The financial cost per individual (not counting physicians and labs) would be about $340 per person per year.

That's just this one class of drug out of the $14,000 a year spent on Allopathic Medicine.

For ten years of use, that would come to about $3,400.

Adding the cost of physicians, p

The extensive toxicity and potential heart damage from statins demand informed consent before use.

With millions at risk of heart disease or diabetes, alternative strategies are gaining attention.

For high-risk individuals, dietary adjustments, exercise, and natural supplements might be better for managing cholesterol without the side effects of statins[17],[18].

The current shift is towards cautious use of statins, balancing their benefits against the risks.

Patients and doctors need to be aware of the potential harms of cholesterol-lowering medications and consider whether they might do more harm than good.

🌐 References on Statins:

[1] Benjamin EJ, et al. Heart disease and stroke statistics-2023 update: a report from the American Heart Association. Circulation. 2023 Mar;147(7):e153-e639.

[2] Okuyama H, et al. Statins stimulate atherosclerosis and heart failure: pharmacological mechanisms. Pharmacol Ther. 2023 Mar;253:110180.

[3] Roeters van Lennep JE, et al. Statins may have a dual effect on coronary artery calcification. Arterioscler Thromb Vasc Biol. 2022 Aug 23:ATVBAHA22331668.

[4] Abramson JD, Rosenberg HG, Jewell N, Wright JM. Should people at low risk of cardiovascular disease take a statin? BMJ. 2013 Oct 22;347:f6123.

[5] Diamond DM, Ravnskov U. How statistical deception created the appearance that statins are safe and effective in primary and secondary prevention of cardiovascular disease. Expert Rev Clin Pharmacol. 2015 Mar;8(2):201-10.

[6] Sayer Ji, Founder, GreenMedInfo. Consumer Alert: 300+ Health Problems Linked To Statin Drugs; 2018.

[7] ConsumerReports.org. Making Sense of Cholesterol Medicine

[8] Langsjoen PH, Langsjoen AM. The clinical use of HMG CoA-reductase inhibitors and the associated depletion of coenzyme Q10. A review of animal and human publications. Biofactors. 2003;18(1-4):101-11.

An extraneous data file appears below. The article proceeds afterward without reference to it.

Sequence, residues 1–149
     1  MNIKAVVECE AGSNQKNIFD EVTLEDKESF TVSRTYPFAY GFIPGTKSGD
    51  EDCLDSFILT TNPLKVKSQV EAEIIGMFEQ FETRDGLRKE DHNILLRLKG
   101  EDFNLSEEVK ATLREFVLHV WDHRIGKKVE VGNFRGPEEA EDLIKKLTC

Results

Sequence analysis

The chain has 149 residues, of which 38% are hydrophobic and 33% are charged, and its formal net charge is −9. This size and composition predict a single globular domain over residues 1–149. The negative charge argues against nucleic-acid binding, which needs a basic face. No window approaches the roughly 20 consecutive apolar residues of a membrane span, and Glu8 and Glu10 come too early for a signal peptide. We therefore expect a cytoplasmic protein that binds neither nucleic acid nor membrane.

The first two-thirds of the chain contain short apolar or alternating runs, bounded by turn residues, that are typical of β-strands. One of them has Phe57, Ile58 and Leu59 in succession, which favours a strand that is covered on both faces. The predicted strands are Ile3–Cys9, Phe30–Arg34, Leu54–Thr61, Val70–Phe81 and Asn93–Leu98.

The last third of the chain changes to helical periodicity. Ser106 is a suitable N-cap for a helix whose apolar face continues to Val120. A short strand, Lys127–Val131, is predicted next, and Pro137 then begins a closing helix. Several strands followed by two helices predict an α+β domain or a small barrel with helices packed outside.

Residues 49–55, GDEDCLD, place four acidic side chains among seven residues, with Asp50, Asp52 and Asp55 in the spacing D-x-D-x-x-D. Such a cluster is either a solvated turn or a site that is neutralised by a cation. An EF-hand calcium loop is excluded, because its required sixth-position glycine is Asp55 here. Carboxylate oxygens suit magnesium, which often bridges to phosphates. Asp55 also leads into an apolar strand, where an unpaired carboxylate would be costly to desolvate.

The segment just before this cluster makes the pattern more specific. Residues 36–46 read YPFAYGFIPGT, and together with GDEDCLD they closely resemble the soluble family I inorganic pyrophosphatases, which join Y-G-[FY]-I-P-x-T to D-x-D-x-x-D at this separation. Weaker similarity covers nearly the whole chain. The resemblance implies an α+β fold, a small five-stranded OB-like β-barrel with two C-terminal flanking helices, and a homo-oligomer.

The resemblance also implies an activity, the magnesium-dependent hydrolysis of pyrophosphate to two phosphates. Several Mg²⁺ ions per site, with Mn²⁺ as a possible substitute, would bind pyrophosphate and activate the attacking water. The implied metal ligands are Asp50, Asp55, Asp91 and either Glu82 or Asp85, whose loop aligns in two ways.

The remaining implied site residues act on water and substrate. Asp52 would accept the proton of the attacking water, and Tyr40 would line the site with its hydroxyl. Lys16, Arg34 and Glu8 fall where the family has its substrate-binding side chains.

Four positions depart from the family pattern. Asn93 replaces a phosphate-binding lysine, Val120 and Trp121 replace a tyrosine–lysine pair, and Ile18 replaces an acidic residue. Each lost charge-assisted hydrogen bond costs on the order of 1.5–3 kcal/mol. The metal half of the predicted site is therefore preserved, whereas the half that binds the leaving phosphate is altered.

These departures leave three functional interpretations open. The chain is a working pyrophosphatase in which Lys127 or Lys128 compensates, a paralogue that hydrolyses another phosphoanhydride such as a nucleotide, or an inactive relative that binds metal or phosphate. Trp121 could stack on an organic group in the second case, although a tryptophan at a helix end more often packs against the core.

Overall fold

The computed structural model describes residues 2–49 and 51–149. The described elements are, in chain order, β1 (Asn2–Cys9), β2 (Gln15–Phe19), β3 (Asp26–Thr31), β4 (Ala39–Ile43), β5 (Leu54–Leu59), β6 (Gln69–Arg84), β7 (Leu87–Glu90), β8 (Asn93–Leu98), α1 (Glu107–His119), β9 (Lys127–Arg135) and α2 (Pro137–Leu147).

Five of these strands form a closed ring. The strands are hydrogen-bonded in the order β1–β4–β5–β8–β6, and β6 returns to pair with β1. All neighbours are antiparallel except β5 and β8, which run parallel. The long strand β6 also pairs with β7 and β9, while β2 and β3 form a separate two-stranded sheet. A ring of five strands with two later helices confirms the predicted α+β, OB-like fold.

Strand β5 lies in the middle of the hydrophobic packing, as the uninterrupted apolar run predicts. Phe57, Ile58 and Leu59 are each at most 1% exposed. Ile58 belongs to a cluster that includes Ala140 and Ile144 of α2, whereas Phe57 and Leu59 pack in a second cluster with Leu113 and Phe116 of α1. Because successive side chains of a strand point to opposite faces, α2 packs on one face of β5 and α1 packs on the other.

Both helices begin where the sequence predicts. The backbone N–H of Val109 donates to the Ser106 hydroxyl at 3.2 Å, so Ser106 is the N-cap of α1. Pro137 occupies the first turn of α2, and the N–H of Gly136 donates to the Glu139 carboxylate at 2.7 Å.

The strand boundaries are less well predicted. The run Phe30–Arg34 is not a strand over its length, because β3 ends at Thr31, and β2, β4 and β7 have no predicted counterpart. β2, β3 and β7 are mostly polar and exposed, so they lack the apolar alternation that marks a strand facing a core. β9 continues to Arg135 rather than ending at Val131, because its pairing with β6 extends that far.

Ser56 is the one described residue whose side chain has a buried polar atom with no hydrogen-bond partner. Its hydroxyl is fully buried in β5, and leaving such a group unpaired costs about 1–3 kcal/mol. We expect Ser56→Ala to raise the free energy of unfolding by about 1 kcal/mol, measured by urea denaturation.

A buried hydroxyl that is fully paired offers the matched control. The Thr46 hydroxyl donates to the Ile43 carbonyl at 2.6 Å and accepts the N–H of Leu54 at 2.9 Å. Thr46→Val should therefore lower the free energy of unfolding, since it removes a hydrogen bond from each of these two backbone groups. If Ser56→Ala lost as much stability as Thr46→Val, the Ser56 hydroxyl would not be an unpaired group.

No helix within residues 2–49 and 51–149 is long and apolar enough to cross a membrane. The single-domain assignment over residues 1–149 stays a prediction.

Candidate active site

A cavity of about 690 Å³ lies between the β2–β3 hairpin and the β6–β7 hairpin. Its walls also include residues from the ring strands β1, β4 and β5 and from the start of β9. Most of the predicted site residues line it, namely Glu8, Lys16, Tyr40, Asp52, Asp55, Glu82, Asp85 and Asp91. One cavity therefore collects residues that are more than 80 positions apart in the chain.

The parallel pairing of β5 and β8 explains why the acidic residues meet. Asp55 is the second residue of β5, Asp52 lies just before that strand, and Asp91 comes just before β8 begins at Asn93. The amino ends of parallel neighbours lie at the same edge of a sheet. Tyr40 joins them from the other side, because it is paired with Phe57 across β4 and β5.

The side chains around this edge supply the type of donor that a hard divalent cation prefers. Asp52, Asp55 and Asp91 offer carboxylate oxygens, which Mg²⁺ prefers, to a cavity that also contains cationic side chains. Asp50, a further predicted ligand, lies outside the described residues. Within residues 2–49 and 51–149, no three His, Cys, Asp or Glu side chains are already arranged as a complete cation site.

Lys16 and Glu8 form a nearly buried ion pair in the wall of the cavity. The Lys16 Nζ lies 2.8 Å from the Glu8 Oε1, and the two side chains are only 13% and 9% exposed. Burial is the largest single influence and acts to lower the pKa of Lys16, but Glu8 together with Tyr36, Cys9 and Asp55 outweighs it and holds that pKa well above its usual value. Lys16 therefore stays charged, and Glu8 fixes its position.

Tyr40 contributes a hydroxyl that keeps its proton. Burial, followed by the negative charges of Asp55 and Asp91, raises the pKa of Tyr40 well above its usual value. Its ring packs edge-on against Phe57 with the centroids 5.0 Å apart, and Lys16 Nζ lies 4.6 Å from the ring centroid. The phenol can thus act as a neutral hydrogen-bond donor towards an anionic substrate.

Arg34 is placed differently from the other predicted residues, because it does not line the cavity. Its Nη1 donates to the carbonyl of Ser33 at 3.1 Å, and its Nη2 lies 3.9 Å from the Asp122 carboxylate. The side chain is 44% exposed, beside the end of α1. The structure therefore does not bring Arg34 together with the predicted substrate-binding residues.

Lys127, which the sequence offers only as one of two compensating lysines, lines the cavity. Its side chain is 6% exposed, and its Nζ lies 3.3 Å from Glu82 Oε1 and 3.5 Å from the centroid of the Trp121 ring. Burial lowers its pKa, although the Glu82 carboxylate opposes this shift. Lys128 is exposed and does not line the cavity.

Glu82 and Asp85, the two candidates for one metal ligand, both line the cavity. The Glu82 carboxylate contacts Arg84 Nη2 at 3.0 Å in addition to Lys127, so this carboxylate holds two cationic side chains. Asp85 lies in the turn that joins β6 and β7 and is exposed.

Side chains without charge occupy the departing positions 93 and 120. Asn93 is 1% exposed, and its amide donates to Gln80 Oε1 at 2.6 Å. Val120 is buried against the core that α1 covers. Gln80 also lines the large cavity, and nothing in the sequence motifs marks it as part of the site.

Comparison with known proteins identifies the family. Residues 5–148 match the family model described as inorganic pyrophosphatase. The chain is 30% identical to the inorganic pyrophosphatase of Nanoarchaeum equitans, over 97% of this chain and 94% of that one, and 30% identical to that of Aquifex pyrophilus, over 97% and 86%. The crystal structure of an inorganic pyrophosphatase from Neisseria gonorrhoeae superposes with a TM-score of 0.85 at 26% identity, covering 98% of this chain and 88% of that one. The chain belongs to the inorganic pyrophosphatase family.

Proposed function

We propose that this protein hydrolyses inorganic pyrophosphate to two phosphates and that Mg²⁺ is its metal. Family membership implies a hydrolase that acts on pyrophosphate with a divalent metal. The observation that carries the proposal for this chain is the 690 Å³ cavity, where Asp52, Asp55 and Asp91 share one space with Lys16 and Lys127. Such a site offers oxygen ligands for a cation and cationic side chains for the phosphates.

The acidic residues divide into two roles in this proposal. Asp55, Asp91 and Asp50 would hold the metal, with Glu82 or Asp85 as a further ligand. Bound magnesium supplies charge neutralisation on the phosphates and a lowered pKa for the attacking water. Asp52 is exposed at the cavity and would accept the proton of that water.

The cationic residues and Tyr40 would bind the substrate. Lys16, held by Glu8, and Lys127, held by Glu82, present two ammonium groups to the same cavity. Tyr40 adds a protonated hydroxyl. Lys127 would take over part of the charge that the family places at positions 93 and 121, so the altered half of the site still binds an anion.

[9] Mortensen SA, et al. The effect of coenzyme Q10 on morbidity and mortality in chronic heart failure: results from Q-SYMBIO: a randomized double-blind trial. JACC Heart Fail. 2014 Dec;2(6):641-9.

[10] Bor M, Cemin RC, Rajaram A, Pelchovitz DJ, Goldberg AC, Schurgers LJ, Danik JS. Statin Therapy Is Associated With Lower Vitamin K1 and Vitamin K2 Levels. J Am Heart Assoc. 2022 Aug 16;11(16):e025908.

[11] Mabuchi H, Higashikata T, Kawashiri M, Katsuda S, Mizuno M, Nohara A, Inazu A, Koizumi J, Kobayashi J. Reduction of serum ubiquinol-10 and selenium levels by atorvastatin in hypercholesterolemic patients. J Atheroscler Thromb. 2005;12(2):111-9.

[12] Rehman MT, Akash MSH, Kumar A, Waseem M, Hou S. Understanding the Mechanism of Neurological Disorders Induced by Statins: An Overview. Front Aging Neurosci. 2022 Oct 20;14:1030995.

[13] Shechter M. Magnesium and cardiovascular system. Magnes Res. 2010 Jun;23(2):60-72.

[14] Shizukuda Y, Hatanaka I, Miyamoto T. Improvement of cardiac and cholesterol metabolism markers in patients taking pitavastatin following short-term suspension due to myositis-like symptoms. Biofactors. 2008;33(3):229-239.

[15] Feiereisen P, Wendling D. Statins and Effects on Valves and Veins: the Present Debate and a Perspective. Vasc Health Risk Manag. 2019 Sep 5;15:151-164.

[16] Diamond DM, Ravnskov U. Lack of an association or an inverse association between low-density-lipoprotein cholesterol and mortality in the elderly: a systematic review. BMJ Open. 2016 Jun 12;6(6):e010401.

[17] Roger VL, et al. Heart disease and stroke statistics - 2023 update: a report from the American Heart Association. Circulation. 2023 Feb 28:CIR0000000000000997.

[18] Houston M. The role of nutraceutical supplements in the treatment of dyslipidemia. J Clin Hypertens (Greenwich). 2012 Feb;14(2):121-32.

Natural Alternatives

Here are just a few of the natural alternatives to statins for cholesterol management and heart health:

Garlic (Allium sativa): Widely recognized for its cardiovascular benefits, including cholesterol regulation. We use an aged extract that is very healing and not irritating.

Green Tea (Camellia sinensis): Contains compounds that can help reduce LDL cholesterol levels. We use a concentrated extract of the therapeutic polyphenols in many formulations.

Omega-3 Fatty Acids: Found in fish oil and algae oil, beneficial for lowering triglycerides. We prefer the algae source, which is ultimately where fish get it as well. Being at the base of the food chain, it is clean, so we can use the whole oil, which supplies other beneficial compounds including Phytoceramides.

Niacin (Vitamin B3): Has been used to increase HDL cholesterol and lower LDL cholesterol. We include Niacin in our Bioavailability Blend which is included in many of our Functional Formulations™ for increased delivery of nutrients to the body tissues.

Red Yeast Rice Extract: Contains monacolin K, similar to the active ingredient in some statins. Like statins, however, it creates a deficiency in Coenzyme Q10...

Plant Sterols and Stanols: Found in certain unrefined oils, help lower cholesterol absorption.

Psyllium Husk: A form of fiber that can help lower cholesterol levels. But we use another fiber that is much more therapeutic... Chitosan.



An 800 Year Old

Japanese Medicine

Understanding the Role of Chitosan Fiber in Bile Salt Binding and Cholesterol Management

Chitosan fiber plays a significant role in binding bile salts within the colon, impacting cholesterol metabolism and cardiovascular health.